||Susan M. Recinella, Clinical Psychologist for mentally ill adults, and
Catholic Lay Minister to Families of the Executed|
A holy button-pusher
By: Dale S. Recinella
I met Marcus Hepburn on a Christ Renews His Parish weekend at Good Shepherd Parish in Tallahassee more than 20 years ago — way back in the late ’80s when the CRHP weekend team numbers at Good Shepherd were still in single digits.
He and his spiritually gifted wife, Toni, had recently lost their beautiful daughter to illness. Their instinctive response
was to channel the ferocious energy of their grief into outreach to others who were suffering.
In 1991, I begin ministering as a prayer partner to men in prison at Apalachee Correctional Institution (ACI) in Sneads,
just 50 miles west of Tallahassee. Within a short time, it seems quite natural to invite Marcus to join me in the ACI
prison chapel on Saturday mornings. Marcus is willing to give it a shot.
And, in his gentle but always gregarious manner, he suggests we invite another man to share the fun. The target of our
persuasion is Michael Savage, an alumnus of the CRHP program at neighboring Blessed Sacrament Parish. The seeding team
for Blessed Sacrament’s CRHP program was fielded by Good Shepherd. That is how we met Mike.
Within a very short time, Marcus and Mike both join me for Saturdays of ministry at ACI. Every week we show up
together with cases of day-old doughnuts from the Good News soup kitchen. While I handle 30-minute appointments
one-on-one as a prayer partner in a separate room, Marcus and Mike are running Bible studies and discipleship
classes in the chapel banquet area.
Fifteen years later, in the summer of 2008, Mike and now-ordained Deacon Marcus join me for cell-to-cell rounds
on death row and in solitary confinement one day per month. They make the early-morning two-hour drive from Tallahassee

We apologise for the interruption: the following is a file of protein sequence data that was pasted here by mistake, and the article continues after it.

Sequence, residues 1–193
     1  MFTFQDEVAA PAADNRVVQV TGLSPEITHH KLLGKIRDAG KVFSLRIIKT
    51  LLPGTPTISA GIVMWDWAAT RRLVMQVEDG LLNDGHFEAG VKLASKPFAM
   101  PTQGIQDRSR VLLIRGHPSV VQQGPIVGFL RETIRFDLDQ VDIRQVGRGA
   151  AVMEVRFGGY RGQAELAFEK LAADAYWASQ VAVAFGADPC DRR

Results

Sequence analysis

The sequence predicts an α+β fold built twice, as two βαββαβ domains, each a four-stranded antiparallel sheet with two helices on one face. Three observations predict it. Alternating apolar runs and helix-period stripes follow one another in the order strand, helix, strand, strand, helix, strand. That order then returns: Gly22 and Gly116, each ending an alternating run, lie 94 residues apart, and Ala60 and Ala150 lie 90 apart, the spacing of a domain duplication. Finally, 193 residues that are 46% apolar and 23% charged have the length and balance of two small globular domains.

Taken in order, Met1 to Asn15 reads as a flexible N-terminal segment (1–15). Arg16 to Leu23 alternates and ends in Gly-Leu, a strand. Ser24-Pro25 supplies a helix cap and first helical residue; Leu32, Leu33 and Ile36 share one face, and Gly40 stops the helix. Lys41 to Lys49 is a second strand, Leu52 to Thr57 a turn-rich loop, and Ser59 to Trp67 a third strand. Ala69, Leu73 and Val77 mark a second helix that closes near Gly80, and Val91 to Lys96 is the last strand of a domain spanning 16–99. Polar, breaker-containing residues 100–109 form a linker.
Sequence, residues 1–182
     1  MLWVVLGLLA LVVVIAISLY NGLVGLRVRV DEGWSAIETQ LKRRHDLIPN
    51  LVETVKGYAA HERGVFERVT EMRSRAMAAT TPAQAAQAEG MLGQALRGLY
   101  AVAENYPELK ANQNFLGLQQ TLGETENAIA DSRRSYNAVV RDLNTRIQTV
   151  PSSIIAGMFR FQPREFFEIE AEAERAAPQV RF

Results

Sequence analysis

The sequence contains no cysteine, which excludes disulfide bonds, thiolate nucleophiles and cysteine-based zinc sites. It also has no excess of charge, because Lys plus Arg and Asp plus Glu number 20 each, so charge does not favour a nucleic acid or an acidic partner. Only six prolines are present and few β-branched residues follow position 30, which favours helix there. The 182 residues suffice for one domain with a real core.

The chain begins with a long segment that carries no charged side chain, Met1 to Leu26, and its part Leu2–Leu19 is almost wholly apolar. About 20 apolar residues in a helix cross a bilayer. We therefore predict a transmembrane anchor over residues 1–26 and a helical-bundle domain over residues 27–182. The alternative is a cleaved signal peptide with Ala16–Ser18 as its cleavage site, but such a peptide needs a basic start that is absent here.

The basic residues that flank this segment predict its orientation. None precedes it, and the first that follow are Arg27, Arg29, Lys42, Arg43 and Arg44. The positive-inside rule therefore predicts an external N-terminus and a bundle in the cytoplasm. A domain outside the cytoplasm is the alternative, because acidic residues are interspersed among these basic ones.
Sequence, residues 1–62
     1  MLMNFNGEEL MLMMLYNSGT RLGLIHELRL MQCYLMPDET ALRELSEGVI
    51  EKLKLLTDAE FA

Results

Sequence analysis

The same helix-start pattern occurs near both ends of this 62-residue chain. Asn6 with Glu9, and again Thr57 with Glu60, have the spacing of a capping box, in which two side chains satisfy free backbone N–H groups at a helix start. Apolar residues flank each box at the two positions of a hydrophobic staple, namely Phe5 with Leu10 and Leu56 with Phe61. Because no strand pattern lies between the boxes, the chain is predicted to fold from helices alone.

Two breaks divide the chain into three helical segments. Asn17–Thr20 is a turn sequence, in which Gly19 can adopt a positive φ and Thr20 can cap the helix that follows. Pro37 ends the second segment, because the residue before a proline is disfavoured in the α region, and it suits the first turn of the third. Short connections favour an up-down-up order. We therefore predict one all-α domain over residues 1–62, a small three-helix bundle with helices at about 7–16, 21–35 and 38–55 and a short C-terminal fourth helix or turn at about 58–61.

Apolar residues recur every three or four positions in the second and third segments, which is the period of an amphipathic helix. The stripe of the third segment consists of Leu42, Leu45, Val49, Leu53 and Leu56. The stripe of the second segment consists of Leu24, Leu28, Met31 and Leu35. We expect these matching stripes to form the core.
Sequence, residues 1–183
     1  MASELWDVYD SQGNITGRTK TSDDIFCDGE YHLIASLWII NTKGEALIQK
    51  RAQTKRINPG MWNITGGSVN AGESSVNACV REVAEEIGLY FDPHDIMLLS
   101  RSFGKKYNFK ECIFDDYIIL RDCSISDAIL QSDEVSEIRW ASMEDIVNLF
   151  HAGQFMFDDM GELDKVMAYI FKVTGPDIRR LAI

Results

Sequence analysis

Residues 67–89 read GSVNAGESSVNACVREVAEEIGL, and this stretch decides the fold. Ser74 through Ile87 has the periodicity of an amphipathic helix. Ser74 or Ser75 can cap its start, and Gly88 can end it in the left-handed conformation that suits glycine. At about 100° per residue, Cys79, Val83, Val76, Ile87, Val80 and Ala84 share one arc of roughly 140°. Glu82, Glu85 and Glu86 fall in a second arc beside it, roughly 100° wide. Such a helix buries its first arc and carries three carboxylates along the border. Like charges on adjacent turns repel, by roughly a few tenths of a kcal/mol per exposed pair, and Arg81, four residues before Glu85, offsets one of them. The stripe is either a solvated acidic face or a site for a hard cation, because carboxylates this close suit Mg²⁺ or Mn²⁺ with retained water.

in time to meet me at St. Mary’s of Macclenny at 7 am. For Deacon Marcus, it is a shock to find out they must leave
Tallahassee before Starbucks opens — country coffee en route will have to do.
But there is an even bigger surprise waiting for Deacon Marcus in the confinement wings at Florida State Prison.
As he dutifully covers the 33 cells on the mezzanine level of a solitary confinement wing, Mike and I become aware
of the rising din of angry inmate voices reaching up through the open atrium to our third-floor level. By the time
we return downstairs to the officers’ quarterdeck, the noise is impressive.
“What did you do?” I ask plaintively. “Why is everyone so upset?”
“I have no idea.” Deacon Marcus is the picture of innocence. “I just offered them reading material and offered to
pray with them. But they all kept yelling some word at me. I think it begins with an f.”
By the time I can finally speak, the officers are laughing as hard as Mike and me.
“Marcus, they’re saying, ‘Flush.’ In solitary confinement, they are not able to flush the toilets in their cells.
The flush button is on the outside in the wall next to their cell door. They are screaming, ‘Flush.’”
A lesser man might make excuses or just leave the wing. Not Deacon Marcus. He stretches upright to full stature,
right hand pointed in the air, saying, “And flush we will.” He returns to every cell, apologizing through the solid
steel door to every single man, one at a time. And, with Fred Astaire-quality panache, smilingly flushes all 33
toilets, one at a time. The inmates in the cells erupt with applause.
It is no wonder that the men he encountered in those cells over all his visits embraced his infectious enthusiasm
and heartfelt love. It was devastating for me to inform so many hundreds of men that Deacon Marcus went home to
the Lord on June 8, 2010. One inmate’s sentiments spoke for us all. “Man, why does God take the good ones!”
Deacon Marcus, you leave us a legacy of joyful service that will always inspire and challenge those who step
inside a prison fence.
First published: The Florida Catholic OnLine, September 13, 2010
© 2009 Dale S. Recinella & The Florida Catholic.
Used with permission. All rights reserved.
No further reproduction or republication without prior written permission.
I Was In Prison
News & Updates
This ezine is targeted for people involved in prison ministry or in stopping the death penalty, we think you will find helpful information for people who are undecided about capital punishment, for those who have never experienced the inside of a jail or prison, and for those who feel called to participate through prayer and adoration.
Your name and information will never be used or shared with anyone. We promise!
Dale S. Recinella
, Catholic Lay Chaplain, Florida Death Row and Solitary Confinement
Susan M. Recinella
, Clinical Psychologist for mentally ill adults, and
Catholic Lay Minister to Families of the Executed